More advisers working out of hours

More advisers working out of hours

More than half of independent financial advisers saw an increase in their out of hours contact with clients in the wake of the coronavirus pandemic this year, research has shown.

The trend in advisers working outside of conventional hours emerged as many reported clients requiring a "significant" level of detail on their investment performance amid economic uncertainty this year. 

According to a survey of more than 200 IFAs, commissioned by Charles Stanley at the end of last month, 52 per cent saw a "marked increase" in out of hours contact with clients as attitudes towards personal finances shifted.

The wealth manager branded 2020 as a "pivotal year" which had "fundamentally altered" the client conversation, with 55 per cent of advisers reporting estate planning and generational wealth transfer had been pushed higher up their clients’ priority list. 

This summer FTAdviser's own survey signalled a permanent shift in industry practises, with a quarter of advisers predicting remote contact with clients would continue to account for a significant number of meetings once coronavirus restrictions were lifted. 

John Porteous, group head of distribution at Charles Stanley, said: "It’s been a difficult year for many, with financial plans and investments thrown off course by the market turbulence and the economic impacts of Covid.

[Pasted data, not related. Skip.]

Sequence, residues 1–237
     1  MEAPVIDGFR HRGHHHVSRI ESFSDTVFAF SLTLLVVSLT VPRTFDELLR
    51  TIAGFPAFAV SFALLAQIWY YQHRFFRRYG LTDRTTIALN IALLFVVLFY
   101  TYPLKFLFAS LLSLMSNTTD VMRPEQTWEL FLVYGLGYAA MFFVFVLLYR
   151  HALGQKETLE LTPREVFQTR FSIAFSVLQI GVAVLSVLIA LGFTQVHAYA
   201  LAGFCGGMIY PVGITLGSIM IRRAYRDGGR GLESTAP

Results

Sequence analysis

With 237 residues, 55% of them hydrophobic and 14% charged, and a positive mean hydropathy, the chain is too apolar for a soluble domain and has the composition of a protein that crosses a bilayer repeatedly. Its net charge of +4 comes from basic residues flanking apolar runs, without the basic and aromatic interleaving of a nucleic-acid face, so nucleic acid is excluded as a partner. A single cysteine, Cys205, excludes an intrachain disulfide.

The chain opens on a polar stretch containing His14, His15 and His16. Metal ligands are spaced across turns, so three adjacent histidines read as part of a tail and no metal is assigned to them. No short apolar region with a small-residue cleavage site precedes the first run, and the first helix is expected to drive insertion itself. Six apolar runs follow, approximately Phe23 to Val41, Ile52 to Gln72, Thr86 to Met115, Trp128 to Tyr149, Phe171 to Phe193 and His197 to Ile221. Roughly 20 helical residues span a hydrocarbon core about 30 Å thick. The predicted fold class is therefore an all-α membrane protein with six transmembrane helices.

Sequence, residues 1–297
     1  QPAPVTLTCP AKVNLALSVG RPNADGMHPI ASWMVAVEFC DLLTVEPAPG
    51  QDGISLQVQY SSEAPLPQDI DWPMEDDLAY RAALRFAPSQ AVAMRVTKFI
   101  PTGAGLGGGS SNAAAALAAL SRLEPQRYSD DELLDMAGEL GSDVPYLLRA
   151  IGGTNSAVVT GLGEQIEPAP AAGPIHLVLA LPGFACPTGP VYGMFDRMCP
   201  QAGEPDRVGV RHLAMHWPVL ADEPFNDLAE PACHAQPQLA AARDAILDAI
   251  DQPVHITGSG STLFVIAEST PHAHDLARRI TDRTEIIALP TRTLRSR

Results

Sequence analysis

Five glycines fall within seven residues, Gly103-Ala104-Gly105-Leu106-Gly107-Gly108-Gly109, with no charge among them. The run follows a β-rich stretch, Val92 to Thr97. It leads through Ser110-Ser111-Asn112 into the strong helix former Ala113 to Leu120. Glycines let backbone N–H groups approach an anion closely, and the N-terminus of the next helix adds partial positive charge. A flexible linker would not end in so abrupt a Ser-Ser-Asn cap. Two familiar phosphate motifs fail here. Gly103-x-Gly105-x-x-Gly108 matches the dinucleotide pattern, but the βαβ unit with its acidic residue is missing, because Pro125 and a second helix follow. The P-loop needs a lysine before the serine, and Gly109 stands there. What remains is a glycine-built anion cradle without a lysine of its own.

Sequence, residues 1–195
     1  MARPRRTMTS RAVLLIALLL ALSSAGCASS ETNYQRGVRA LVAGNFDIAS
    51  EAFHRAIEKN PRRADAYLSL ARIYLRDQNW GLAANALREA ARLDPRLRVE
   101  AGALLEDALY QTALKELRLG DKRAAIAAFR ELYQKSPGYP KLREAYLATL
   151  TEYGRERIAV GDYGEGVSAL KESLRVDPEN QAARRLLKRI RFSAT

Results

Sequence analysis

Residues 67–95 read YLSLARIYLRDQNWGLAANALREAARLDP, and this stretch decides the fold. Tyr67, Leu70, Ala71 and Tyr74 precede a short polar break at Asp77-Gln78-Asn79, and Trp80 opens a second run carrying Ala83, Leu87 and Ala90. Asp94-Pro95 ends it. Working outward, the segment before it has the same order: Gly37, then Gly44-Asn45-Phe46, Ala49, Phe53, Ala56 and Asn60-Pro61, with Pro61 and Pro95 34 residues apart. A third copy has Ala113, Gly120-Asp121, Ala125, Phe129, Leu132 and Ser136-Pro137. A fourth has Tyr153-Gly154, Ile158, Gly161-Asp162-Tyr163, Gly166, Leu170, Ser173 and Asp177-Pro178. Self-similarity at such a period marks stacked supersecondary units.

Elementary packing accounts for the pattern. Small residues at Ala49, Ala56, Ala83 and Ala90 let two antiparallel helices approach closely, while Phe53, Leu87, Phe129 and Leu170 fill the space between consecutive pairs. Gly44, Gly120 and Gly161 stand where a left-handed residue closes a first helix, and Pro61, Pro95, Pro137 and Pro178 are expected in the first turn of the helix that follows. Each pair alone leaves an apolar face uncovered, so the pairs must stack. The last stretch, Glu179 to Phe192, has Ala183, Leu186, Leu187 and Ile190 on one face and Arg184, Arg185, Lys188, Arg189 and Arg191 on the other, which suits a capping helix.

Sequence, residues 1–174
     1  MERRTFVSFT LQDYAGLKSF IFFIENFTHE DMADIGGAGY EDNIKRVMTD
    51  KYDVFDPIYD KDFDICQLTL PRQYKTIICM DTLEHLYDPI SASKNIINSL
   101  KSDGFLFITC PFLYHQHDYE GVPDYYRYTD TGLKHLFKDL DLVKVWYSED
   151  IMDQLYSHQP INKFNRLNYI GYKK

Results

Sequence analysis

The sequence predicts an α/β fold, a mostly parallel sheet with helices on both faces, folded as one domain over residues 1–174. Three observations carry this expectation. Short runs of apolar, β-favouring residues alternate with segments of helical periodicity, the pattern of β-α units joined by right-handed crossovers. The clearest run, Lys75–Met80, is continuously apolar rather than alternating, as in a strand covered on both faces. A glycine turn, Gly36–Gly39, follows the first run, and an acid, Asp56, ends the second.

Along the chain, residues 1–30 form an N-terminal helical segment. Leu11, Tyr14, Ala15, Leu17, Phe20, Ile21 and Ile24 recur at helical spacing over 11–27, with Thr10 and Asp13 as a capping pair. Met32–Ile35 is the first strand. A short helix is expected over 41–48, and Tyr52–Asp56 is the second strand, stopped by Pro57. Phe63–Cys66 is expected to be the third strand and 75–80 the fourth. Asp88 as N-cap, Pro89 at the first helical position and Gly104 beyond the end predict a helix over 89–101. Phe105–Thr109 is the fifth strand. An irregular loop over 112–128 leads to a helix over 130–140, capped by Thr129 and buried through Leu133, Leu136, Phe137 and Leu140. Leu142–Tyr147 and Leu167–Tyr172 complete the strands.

"It’s at times like this that financial advice really pays dividends and our survey suggests this is translating into a surge in demand among advisers."

Mr Porteous said this year had seen advisers quick to adapt to "the new normal" by pivoting face to face business models to serve a more diverse client set remotely. 

It is a narrative which has been echoed by many in the industry in recent months, including Personal Finance Society boss Keith Richards who earlier this year hailed advisers for adapting "remarkably well" to the challenges thrown up by the pandemic. 

Mr Porteous added: "Whilst this has undoubtedly placed a lot of pressure on them, it’s also arguably left them better equipped for the new adviser conversation which is fast emerging. 

"As we go into 2021, finding new ways to serve an engaged, intergenerational audience will be a priority to meet their differing attitudes and requirements."

Earlier this year advisers were urged to embrace digitalisation and plug the generational client gap that could emerge on the other side of the coronavirus pandemic.

The call for action came following an April survey of 1,000 adults, carried out by advice giant Quilter, which found 86 per cent of young adults had sought help and information about the financial impact of the pandemic.

The data showed an overwhelming demand for advice in the younger generation, with only 14 per cent of 18 to 30-year-olds reporting they were not looking for any extra help regarding their finances in light of the coronavirus pandemic.


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